Tuesday night I was invited by Rick Mullin to perform a bit of my poetry at Tasty Coco in Caldwell, NJ. Been a long time since I prepared a 20-minute set (last time was April, 2009, and the time before that was in 2008) and I had a different kind of challenge than I was used to in preparing for such things. In the past, I was comfortable with a basic "extended open" approach to preparing the set: identify 6-7 poems I liked and wanted to present, pick a few others to create some decent transitions, knead until blended. And since I was never seriously close to committing the chapbook to print, I never really considered that I might be "featuring" its contents for consumption in pursuit of sales interest.
Now, I had the the book beginning to feel real (I even had a prototype to hold up if I wanted to), but I also had 2 other projects that were interesting enough to me that I was considering doing something with them (one's a persona package approaching chapbook length, one is a fun sequence that may or may not be able to sustain itself for 24 pages.). On top of that, I've been writing "in response" a lot in the past year, and I've always found that poems that link to other art or to events that the audience has a little collective recollection of make for great moments in a reading; at least from the audience, which is where I'd always experienced them before.
Another factor was my co-feature, Quincy R. Lehr, whose style on the page was much truer to form and at the microphone much truer to performance art than mine. There wasn't much chance of similarity in either content or presentation from us, but I didn't want to even flirt with it.
There was also the format of the series, which I knew from prior attendance was highly interactive and informal, and included a "lightning round", or a once-around-the-room after the open and the features, in which every poet in the room gave one more poem. So I'd have to save something back, a cognac-like aftermoment which would be my last impression on the crowd.
And finally, there was the crowd, which I knew was going to include at least a few folks who know me primarily as a technologist or a project manager, who in fact are career technologists themselves, who may have seen my poems on paper before but would never have seen me as a performer (except in training sessions, which actually is a good way to show off your skills - but that's another post). So not only did I want to make a good impression, but a particular impression, and one which wouldn't present itself back to me too embarrassingly in line in the cafeteria.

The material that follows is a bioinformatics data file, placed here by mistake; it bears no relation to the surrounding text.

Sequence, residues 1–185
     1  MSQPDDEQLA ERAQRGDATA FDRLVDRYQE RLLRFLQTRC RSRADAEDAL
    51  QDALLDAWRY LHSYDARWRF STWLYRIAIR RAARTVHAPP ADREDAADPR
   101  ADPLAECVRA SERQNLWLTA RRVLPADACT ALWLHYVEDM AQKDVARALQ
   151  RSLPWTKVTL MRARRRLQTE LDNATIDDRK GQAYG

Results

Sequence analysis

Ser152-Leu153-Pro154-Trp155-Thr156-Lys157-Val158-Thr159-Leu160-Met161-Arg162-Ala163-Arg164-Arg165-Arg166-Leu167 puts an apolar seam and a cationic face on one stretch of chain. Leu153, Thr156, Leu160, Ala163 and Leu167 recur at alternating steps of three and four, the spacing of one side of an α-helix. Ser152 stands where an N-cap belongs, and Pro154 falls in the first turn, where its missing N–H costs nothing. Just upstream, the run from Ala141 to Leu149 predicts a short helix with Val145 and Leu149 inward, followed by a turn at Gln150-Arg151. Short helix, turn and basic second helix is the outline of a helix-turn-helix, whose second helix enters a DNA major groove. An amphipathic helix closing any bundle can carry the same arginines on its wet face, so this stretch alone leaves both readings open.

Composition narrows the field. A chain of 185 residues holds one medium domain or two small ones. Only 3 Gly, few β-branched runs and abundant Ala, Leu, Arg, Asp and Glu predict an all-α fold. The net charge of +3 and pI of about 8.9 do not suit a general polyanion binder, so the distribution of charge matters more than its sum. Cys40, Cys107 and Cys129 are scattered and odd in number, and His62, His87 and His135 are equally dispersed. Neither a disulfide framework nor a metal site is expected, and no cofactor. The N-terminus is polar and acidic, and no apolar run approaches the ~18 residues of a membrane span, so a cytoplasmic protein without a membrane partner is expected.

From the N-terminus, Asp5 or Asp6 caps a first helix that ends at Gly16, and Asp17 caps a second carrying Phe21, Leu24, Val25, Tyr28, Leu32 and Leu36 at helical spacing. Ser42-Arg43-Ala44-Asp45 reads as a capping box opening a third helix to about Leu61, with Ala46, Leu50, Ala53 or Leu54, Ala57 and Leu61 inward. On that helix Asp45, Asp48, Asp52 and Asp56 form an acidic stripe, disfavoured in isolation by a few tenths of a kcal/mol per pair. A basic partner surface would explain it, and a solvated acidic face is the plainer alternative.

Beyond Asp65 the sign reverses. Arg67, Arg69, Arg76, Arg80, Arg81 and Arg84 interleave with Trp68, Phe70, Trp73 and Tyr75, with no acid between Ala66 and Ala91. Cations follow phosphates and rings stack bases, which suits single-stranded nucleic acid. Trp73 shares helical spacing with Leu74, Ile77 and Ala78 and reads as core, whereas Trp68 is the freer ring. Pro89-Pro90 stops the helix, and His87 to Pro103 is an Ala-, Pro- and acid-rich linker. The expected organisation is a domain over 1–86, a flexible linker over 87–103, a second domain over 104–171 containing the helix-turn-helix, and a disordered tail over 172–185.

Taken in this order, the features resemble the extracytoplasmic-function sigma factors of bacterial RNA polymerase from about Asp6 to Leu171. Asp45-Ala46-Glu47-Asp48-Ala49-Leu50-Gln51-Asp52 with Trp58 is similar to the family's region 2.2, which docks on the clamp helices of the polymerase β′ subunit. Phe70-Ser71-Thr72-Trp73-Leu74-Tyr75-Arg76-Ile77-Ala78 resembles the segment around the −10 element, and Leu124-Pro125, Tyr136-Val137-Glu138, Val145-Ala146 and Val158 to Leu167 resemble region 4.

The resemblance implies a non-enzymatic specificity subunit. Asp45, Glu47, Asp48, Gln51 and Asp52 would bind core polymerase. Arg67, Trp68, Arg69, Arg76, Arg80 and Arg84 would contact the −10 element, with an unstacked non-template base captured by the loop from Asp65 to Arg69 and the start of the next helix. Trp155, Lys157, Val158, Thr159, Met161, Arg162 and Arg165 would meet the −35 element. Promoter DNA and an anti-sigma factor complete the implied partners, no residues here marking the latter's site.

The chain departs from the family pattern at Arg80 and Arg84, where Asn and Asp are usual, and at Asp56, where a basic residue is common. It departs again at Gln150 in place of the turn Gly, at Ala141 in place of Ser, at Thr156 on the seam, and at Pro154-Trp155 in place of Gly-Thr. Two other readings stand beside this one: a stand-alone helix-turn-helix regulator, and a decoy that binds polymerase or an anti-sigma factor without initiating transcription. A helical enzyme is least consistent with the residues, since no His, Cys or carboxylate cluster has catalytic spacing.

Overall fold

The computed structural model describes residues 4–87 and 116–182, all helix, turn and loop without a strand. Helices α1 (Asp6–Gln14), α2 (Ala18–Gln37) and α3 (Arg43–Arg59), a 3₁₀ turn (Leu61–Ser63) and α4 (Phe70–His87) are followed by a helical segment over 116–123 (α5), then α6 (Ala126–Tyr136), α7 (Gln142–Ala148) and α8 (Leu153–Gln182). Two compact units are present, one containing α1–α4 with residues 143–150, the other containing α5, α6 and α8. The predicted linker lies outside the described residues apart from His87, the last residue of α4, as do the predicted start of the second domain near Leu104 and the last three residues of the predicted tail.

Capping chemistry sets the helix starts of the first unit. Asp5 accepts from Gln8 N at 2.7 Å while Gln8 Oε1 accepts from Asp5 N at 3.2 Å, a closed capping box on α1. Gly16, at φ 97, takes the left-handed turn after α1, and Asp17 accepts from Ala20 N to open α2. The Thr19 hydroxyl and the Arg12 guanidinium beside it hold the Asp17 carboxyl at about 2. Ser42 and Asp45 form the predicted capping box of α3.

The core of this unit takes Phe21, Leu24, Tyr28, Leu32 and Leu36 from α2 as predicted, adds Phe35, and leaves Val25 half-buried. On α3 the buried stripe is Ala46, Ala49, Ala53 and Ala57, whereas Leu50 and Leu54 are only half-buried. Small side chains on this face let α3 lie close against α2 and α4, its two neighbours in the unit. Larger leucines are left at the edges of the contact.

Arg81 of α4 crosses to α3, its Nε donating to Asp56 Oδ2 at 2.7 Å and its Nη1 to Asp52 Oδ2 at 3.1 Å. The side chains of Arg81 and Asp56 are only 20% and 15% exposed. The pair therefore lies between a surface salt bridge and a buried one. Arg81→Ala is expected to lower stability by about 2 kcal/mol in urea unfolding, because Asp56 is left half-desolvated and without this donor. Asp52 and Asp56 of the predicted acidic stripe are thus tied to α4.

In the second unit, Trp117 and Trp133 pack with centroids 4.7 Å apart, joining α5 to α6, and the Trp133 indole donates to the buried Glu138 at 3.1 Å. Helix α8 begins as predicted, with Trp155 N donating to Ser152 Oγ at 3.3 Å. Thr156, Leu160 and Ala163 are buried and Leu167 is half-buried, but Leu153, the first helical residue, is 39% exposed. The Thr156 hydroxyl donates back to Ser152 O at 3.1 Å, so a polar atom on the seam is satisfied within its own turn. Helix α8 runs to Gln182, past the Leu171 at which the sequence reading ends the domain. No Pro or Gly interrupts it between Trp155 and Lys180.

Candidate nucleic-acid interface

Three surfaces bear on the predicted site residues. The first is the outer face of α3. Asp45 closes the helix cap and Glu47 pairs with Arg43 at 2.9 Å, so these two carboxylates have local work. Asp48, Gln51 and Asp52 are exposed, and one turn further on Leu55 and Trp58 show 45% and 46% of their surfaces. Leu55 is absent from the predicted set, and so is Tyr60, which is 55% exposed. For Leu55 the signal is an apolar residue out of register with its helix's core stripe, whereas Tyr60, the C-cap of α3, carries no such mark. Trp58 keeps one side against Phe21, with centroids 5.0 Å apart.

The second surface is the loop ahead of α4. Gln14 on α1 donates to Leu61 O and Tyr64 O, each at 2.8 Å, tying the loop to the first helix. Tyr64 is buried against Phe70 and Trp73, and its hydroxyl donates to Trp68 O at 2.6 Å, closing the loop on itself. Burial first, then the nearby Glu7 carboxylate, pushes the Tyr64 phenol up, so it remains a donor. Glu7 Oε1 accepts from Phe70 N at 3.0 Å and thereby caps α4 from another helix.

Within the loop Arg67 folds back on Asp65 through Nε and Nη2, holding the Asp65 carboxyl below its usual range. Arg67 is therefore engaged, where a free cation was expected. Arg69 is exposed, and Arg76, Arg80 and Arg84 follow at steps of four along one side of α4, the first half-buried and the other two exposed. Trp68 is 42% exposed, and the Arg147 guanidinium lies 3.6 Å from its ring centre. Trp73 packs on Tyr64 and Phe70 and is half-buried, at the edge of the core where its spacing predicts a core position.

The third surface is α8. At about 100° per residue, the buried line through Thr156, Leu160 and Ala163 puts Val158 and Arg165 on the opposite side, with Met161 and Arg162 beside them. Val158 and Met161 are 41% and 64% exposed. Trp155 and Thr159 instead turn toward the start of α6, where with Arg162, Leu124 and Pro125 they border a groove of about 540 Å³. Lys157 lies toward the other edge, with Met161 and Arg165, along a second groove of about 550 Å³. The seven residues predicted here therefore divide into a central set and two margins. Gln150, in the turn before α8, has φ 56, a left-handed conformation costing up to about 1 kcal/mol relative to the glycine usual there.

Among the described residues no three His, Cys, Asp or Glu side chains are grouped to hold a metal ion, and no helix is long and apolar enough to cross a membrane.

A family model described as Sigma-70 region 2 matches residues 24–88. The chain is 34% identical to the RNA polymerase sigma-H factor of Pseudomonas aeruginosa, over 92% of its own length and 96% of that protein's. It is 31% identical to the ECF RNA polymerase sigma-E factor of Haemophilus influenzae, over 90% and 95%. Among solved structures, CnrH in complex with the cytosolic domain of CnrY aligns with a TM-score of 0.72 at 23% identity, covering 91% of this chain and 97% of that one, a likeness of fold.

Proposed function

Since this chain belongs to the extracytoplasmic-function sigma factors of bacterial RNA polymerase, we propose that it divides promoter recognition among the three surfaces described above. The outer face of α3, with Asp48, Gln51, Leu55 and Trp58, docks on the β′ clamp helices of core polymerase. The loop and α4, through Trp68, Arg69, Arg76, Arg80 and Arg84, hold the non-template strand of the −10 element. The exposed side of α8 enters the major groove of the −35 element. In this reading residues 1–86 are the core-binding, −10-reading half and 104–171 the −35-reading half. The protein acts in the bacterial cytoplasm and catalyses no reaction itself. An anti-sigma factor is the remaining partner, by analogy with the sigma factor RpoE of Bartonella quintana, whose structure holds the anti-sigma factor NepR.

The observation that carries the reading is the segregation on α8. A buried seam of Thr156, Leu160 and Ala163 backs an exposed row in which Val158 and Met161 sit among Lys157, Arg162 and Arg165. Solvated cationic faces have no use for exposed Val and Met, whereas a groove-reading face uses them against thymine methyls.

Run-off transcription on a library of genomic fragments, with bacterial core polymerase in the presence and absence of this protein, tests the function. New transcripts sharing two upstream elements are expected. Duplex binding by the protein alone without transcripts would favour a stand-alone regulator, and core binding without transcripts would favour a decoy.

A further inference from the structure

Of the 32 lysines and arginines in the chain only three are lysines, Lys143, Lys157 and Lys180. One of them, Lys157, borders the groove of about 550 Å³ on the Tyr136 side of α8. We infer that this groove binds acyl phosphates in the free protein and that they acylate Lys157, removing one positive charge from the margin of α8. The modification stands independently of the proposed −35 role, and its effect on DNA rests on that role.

Oh, and it was Poe's 201st birthday, so I wanted to mark that, somehow, as well.
All of these things are "good problems", of course. I take away that I've got a little more to offer as an artist than I used to, that I'm reaching that "wider audience" I've always coveted (not that my Mother's opinion isn't always very encouraging), and that I haven't lost my skills for anticipating the crowd (which, if you have been hanging around here long enough, you know I had far earlier in my life than my serious interest in poetry). But it also signals to me that I've arrived at that necessary transition point, that I'm no longer interested in having a few minutes of microphone time. And that my ambition for creating has grown to the point where it requires conscious cultivation, that I can't take a month off from writing and expect to pick it up a the same place it was, that the project is now at least as important as the individual poem.
So what does this mean? I don't know. Kind of a wake up call for the year, really. Maybe not a make-or-break year, but certainly one in which my expectations for myself are changing. Need to set some larger goals for 2010, of course, and start thinking in terms of that 2-year cycle that seems necessary for the completion of a book/project. And about carving out the writing time instead of taking it where it comes (with a focus on revising and assembling, which is not something I can do easily orally, as I tend to compose).
Thanks then, to Poetry at Tasty Coco and Rick for giving me this opportunity not only to drag a few of my engineering mates into the poetry scene, but also to have this moment of reflection. I feel like the bell has been rung, and it's up to me to answer it now.
Speaking of "bells", the homage I paid to Poe was to read the opening section of "The Bells" before reading my own stuff. Rick was nice enough to capture the moment and post it to his channel. Take a look and let me know what you think.
And stay tuned. This could be a good year.